Whether we prefer busy coffee shops or the comfort of our beds, we all have a favorite place to write. Today we have Jamie Lynne Burgess here to kick off a new blog series on writing environments by sharing a cautionary tale about a time where she was perhaps a bit too over overzealous in the search for the perfect writing spot:
On my second night in the cabin, the ants came in droves. They were on the larger side, which is to say that I could see their mandibles, and I imagined their tiny jaws clipping at my skin while I slept. So I did not sleep, because I expected to wake up and find the ants crawling all over me. To find that they had built a nest inside my sleeping bag. To find that thousands of ants had united and were carrying me aloft to their lair.
I went to the cabin because I wished to live—erm, well—deliberately. This cabin was at the end of a rutted-out road and a three-quarter-mile hill. I lugged my typewriter to the top. To my chagrin (and my mother’s delight), my phone still worked there. But I turned it off because I didn’t need the distraction. I went to write.
After five weeks in the cabin, I can tell you this: living alone in the woods does not help you become a better writer.
Hierarchy of Needs
In the cottagecore fantasy, the cabin is the place where the worries and self-doubt about my writing dissolve and disappear. The words flow naturally onto the page. I hardly need to revise. I found this (of course) to be fallacy. While in the cabin, I was too concerned with mundane, basic needs to do something higher-level, like create art. The hierarchy of needs, developed by
Maslow, describes the way humans must satisfy certain basic needs before they can move up the rungs toward self-actualization.
While in the cabin, there was no electricity or running water, so cooking took longer, and I needed to tend the wood stove for heat. While these little tasks can be pleasures of a life in the woods, too many unfamiliar factors make it difficult to create.
When the ants moved in, writing became a lost cause. My constant preoccupation with their activity was a distraction worse than Twitter. They might have been a minor threat, but the fact is I didn’t feel comfortable enough to be safe.
Love & Belonging
Though I daydreamed of the time I would be blissfully, utterly alone in Vermont, I found myself craving community. It’s no secret that accountability works for many writers—NaNoWriMo is a testament to that fact—and that a writing community offers great motivation.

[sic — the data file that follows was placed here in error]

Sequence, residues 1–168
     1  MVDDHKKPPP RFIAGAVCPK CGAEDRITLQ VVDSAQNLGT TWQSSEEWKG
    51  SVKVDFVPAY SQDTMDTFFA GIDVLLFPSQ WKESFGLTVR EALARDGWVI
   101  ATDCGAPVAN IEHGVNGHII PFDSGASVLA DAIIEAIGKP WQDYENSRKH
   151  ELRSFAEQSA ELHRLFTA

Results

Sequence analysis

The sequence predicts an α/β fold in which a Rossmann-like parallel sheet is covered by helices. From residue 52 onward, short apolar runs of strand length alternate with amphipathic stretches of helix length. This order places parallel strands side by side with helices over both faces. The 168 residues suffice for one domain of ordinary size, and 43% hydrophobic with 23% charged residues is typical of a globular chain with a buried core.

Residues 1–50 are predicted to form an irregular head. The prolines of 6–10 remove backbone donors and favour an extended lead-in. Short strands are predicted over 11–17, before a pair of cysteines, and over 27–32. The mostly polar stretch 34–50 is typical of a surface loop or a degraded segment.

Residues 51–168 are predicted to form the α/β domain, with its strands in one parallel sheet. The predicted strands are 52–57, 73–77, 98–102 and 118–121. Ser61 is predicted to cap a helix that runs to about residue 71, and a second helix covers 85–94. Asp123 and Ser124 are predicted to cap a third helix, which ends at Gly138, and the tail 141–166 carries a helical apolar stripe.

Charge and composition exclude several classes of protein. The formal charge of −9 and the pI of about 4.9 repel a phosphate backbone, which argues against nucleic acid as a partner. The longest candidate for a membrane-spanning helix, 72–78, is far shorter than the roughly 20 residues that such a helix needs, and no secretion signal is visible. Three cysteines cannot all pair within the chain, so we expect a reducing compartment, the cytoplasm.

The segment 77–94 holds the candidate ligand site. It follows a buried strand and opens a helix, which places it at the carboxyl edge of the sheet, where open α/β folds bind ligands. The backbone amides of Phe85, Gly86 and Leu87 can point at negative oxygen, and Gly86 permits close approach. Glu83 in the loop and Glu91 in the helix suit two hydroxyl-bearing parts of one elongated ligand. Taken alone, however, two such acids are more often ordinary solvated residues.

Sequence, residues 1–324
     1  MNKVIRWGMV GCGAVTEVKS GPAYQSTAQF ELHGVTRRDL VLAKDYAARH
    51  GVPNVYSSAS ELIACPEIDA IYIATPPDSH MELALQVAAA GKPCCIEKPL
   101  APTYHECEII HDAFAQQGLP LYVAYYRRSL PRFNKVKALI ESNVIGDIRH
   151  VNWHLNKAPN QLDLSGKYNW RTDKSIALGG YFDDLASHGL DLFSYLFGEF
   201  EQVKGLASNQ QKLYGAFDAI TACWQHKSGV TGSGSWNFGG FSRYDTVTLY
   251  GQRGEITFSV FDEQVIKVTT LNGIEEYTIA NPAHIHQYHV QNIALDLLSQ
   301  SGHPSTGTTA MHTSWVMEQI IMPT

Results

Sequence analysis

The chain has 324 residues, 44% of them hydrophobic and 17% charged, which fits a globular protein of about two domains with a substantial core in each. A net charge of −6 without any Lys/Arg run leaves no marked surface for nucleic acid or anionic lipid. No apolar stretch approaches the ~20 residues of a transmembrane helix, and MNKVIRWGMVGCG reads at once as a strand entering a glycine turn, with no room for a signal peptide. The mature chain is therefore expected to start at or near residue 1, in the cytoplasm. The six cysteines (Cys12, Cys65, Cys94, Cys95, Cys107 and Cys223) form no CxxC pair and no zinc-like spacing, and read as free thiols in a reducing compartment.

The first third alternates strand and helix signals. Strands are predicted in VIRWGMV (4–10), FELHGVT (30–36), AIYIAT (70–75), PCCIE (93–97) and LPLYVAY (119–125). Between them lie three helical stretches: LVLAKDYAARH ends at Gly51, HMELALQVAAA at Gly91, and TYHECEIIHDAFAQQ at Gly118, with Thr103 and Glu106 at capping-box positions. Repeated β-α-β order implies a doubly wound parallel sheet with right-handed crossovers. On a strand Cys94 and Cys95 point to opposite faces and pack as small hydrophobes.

By the time I have satisfied the needs leading to esteem, it seems I am better able to create. Esteem is about mastery and feelings of accomplishment. Your own inner critic may be one of your greatest blocks toward achieving “esteem.” Inner critics are generally not allowed in NaNoWriMo: this month, it’s write first, edit later.
With basic needs met, writers can begin to create from a completely different space, one that isn’t predicated on fear or urgency for inspiration. This is when you face the page with no other needs but to write. And that is an entirely different challenge.
If you cannot escape to the woods, or another writing-place of your dreams, consider the ways your current environment is meeting many of your needs already: at home, you know the place well and are comfortable here. You do not need to exert any extra mental energy to navigate an unfamiliar place. Your current environment could be just the place for you to write from a place of calm. This writing could be your best.
And if you are not convinced, and you still wish to go into the woods, I encourage you to think carefully about the ways that your needs will be met there. How will you nourish yourself? Keep yourself warm? Will you feel a sense of security and belonging? And if it so happens that your cabin is invaded by ants, maybe you (unlike me) can use it as inspiration to write the next Metamorphosis.
Jamie Lynne Burgess is a writer in residence at Elsewhere Studios in Paonia, Colorado, where she is working on a novel about climate change in the South Pacific. She has lived in many places, including the Marshall Islands, France, and New England, and place is at the center of her work. Jamie Lynne is also the author of the Awake Tinyletter. Visit jamielynneburgess.com to learn more.